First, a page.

Mary Biglin, MD, Garth Swanson, MD, MS
Rush University Medical Center, Chicago, IL
Introduction: Neuroendocrine tumors (NET) are rare tumors affecting the gastrointestinal tract and lungs with ~8,000 cases diagnosed in the US each year. About 80% of small intestinal NET have metastasized to the liver and present as carcinoid syndrome with flushing, diarrhea, bronchospasm and heart failure, as the liver is unable to metabolize vasoactive substances. Carcinoid heart disease can occur in ~60% of patients with carcinoid syndrome and is a late complication that can be associated with significant morbidity due to right sided heart failure.
Case Description/Methods: A 60 year old female with anxiety and breast cancer presented to an outside clinic with chronic diarrhea. She began experiencing 10-20 watery stools daily for over a year but lost 8 pounds over the last four months. An upper and lower endoscopy done for evaluation of chronic diarrhea was normal. Stool studies revealed a negative stool culture, clostridium difficile PCR and normal fecal elastase, but laboratory studies showed an elevated chromogranin A (23,940 ng/ml), serotonin (1668 ng/ml) and urinary 5-HIAA (112 mg/day). A CT of the abdomen revealed multiple liver lesions. Liver biopsy was non-diagnostic. Four months later she sought a second opinion but soon after developed new onset ascites and lower extremity edema so was admitted to the hospital for further evaluation. Echocardiogram showed severe tricuspid regurgitation with the leaflets tethered and fixed in an open position. Cardiac MRI showed late gadolinium enhancement of tricuspid valve leaflets which was consistent with carcinoid heart disease. Repeat liver biopsy revealed grade 2 well differentiated NET, with presumed small bowel origin. She received octreotide and underwent mechanical tricuspid valve replacement.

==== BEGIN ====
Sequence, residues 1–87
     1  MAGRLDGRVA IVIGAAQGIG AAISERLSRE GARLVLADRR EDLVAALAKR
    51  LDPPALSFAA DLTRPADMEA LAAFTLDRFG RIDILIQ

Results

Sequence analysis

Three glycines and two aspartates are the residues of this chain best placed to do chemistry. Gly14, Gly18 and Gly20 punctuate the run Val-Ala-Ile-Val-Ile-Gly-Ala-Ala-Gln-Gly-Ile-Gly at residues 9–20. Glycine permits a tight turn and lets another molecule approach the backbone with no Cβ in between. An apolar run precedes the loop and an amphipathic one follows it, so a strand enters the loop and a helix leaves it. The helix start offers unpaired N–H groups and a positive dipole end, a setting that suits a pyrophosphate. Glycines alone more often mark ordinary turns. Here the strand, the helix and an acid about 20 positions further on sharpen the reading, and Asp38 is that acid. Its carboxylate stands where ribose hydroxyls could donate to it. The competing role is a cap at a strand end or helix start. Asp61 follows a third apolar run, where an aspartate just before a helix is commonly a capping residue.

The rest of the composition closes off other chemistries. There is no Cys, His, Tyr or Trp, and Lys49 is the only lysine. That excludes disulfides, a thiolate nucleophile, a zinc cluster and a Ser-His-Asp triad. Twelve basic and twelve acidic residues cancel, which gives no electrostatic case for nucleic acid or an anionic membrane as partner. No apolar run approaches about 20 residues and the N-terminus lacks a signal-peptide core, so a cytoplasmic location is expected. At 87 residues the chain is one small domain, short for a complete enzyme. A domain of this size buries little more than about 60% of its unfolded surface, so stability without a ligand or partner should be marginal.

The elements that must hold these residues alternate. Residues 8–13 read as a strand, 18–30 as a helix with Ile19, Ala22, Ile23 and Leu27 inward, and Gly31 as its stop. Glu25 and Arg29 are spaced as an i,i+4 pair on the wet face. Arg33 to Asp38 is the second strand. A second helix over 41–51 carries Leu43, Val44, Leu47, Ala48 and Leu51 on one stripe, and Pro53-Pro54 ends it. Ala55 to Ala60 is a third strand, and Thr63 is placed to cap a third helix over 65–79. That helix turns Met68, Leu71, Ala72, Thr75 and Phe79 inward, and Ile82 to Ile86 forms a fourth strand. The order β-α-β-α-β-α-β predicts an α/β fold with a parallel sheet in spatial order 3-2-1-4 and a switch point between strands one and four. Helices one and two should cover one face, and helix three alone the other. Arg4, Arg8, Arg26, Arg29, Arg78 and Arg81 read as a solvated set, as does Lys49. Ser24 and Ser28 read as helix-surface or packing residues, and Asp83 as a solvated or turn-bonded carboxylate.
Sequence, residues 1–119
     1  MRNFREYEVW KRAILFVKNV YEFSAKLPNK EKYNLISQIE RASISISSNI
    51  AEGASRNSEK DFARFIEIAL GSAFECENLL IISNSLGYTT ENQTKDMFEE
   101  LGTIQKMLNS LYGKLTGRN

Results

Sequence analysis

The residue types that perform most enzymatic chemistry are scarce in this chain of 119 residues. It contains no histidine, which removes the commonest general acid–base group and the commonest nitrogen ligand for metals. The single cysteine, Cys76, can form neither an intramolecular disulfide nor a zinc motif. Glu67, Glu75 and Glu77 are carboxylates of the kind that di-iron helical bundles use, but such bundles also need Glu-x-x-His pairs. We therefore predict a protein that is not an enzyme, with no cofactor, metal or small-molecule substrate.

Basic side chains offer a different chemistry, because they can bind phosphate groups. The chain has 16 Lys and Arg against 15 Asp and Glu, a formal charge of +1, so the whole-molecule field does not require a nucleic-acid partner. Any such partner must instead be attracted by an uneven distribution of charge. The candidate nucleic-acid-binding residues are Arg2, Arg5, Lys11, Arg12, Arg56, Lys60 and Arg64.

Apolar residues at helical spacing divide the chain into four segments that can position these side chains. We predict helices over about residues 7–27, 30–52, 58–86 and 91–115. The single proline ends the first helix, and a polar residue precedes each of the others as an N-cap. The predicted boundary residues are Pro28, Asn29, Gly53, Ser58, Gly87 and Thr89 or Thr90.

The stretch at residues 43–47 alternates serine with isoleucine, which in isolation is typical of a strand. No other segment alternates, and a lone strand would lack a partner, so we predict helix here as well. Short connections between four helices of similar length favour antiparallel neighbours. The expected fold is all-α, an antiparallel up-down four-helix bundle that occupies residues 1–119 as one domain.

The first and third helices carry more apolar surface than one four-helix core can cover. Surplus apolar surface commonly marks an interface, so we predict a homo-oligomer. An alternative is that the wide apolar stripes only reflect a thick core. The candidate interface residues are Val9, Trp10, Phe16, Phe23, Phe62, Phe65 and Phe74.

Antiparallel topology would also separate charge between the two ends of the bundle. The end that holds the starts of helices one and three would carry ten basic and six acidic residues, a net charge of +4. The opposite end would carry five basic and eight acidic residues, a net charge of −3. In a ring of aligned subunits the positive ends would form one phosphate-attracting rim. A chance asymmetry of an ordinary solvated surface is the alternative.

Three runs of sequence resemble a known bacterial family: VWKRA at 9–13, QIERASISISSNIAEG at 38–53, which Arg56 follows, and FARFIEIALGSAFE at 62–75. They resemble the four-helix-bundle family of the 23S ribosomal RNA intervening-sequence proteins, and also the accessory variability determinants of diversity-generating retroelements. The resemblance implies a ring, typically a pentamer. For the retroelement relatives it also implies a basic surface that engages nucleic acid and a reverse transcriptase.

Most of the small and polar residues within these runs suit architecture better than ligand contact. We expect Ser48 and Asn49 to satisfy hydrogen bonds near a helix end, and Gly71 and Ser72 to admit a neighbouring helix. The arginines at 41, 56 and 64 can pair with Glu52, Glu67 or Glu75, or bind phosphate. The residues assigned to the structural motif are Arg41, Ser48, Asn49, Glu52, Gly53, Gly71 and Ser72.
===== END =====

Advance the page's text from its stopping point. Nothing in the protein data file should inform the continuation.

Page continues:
Discussion: Carcinoid syndrome is a rare finding but is important in the differential of chronic diarrhea. This case also portrays the prolonged natural history of carcinoid syndrome with the late complication of carcinoid heart disease. Inability of upper and lower endoscopy to locate small bowel carcinoids can lead to a delay in diagnosis, and in 18% of small bowel carcinoids the primary location is not identified. Early identification and treatment of NET tumors can avoid late morbid conditions such as carcinoid heart syndrome.
Citation: Mary Biglin, MD, Garth Swanson, MD, MS. P2653 - YOU'RE BREAKING MY HEART: CARCINOID HEART DISEASE. Program No. P2653. ACG 2019 Annual Scientific Meeting Abstracts. San Antonio, Texas: American College of Gastroenterology.